Information-Theoretic Learning (ITL)

Leiden University, Spring Semester 2018

General Information

Important: All students are requested to register for the course via blackboard (in addition to USIS).
Important: Bachelor students who want to investigate the possibility of letting (the EC of) this course count towards their master's diploma, are advised to contact the chairman of the Exam Committee (Ronald van Luijk, at their earliest convenience.
LecturerProf. Dr. Peter Grünwald, Leiden University, Mathematical Institute, and Centrum Wiskunde & Informatica (CWI), Amsterdam
Teaching assistantRianne de Heide, Leiden University, Mathematical Institute, and Centrum Wiskunde & Informatica (CWI), Amsterdam
Contact: send email to: at

The URL of this webpage is Visit this page regularly for changes, updates, etc.

This course is on an interesting but complicated subject. It is given at the master's or advanced bachelor's level. Although the only background knowledge required is elementary probability theory, the course does require serious work by the student. The course load is 6 ECTS. Click here (studiegids) for a general course description.

Many thanks are due to Steven de Rooij (Leiden University) who prepared a significant proportion of the exercises.

Lectures and Exercise Sessions

Lectures take place each Tuesday from 13.30--15.15 in room 405 of the Snellius Building, Niels Bohrweg 1, Leiden. The lectures are immediately followed by a mini-exercise session held by Rianne de Heide. The first lecture will take place February 6th, 2018. There will be no lectures on March 13, April 3 and April 17. The last official lecture is scheduled for May 22, and the final exam is provisionally scheduled for Monday May 28th (note: the official schedule says 'Tuesday May 28th', but that date does not exist!), 14.00-17.00, in room B02.

Homework Assignments

Weekly Homework: At every lecture on Tuesday except the first there is a homework assignment. The assignment will also be made available on this webpage. Homework is obligatory and must be turned in at or before the beginning of the next lecture, i.e. one week after the assignment was handed out. You can turn in your homework digitally via blackboard or (printed or handwritten) via teaching assistant Rianne de Heide's pigeon hole (postvakje) or by handing it over to me or Rianne at the beginning of the lecture. After the lecture, there is (approximately) 30 minutes homework session, during which the homework will be explained and discussed by Rianne. Turning in written complete homework in time is required, see below.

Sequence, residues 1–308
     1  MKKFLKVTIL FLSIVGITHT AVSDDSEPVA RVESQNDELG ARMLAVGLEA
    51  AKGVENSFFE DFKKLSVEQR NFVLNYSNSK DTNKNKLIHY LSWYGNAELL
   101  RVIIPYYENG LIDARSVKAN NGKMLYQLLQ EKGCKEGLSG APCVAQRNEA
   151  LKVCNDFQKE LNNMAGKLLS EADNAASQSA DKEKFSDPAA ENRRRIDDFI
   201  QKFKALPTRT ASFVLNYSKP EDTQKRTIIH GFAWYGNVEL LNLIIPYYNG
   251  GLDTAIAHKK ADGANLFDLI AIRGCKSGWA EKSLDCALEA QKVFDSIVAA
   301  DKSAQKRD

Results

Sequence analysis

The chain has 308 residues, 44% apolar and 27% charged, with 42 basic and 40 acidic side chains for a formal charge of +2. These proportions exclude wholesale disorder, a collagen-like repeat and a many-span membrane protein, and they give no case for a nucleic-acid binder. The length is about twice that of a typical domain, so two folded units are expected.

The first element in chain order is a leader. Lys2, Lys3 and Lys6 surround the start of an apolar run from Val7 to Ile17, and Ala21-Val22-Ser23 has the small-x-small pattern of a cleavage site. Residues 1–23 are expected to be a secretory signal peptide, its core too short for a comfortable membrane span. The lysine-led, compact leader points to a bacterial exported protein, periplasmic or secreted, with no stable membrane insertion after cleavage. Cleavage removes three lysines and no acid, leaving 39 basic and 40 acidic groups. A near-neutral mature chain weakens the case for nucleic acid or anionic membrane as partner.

6 ECTS points.

Examination form

In order to pass the course, one must obtain a sufficient grade (6 or higher) on both of the following two:
  1. An open-book written examination (to be held Tuesday May 29th).
  2. Homework. Each student must hand in solutions to homework assignments at the beginning of the lecture after the homework was handed out. Discussing the problems in the group is encouraged, but every participant must write down her or his answers on her or his own. The final homework grade will be determined as an average of the weekly grades.
The final grade will be determined as the average of the two grades.


We will mainly use various chapters of the following source: P. Grünwald. The Minimum Description Length Principle, MIT Press, 2007. Some additional hand-outs will be made available free of charge as we go. For the second week, this is Luckiness and Regret in Minimum Description Length Inference, by Steven de Rooij and Peter Grünwald, Handbook of the Philosophy of Science, Volume 7: Philosophy of Statistics, 2011. This paper gives an overview of the part of this course that will be concerned with the relation between statistics, machine learning and data compression, as embodied in MDL learning.

Course Schedule

Lecture contents are subject to change at any time for any reason. A more precise schedule, with links to all exercises, will be determined as we go.
  1. February 6: introduction
  2. February 13: data compression without probability
  3. February 20: Codes and Probabilities (the most important lecture!)
  4. February 27: Preparatory Statistics.
  5. March 6:
  6. March 13th: No Lecture!
  7. March 20th: Universal Coding
  8. March 27th:
  9. April 3: No Lecture!
  10. April 10: Simple Refined MDL, Prequential Plugin Codes
  11. April 17: No Lecture!
  12. April 24: General Refined MDL, Prediction with MDL, Issues with Universal Codes/MDL
  13. May 1st: Excursion: Sequential Prediction with General Loss Functions
  14. May 8th: Excursion, Part II.
  15. May 15th: Maximum Entropy
  16. May 22nd: MaxEnt and MDL ; Overview/Wrap Up
  17. MONDAY May 2814:00-17:00: Open-Book Examination in Room B2 of the Snellius building. Example examination.

    Peter Grünwald’s home page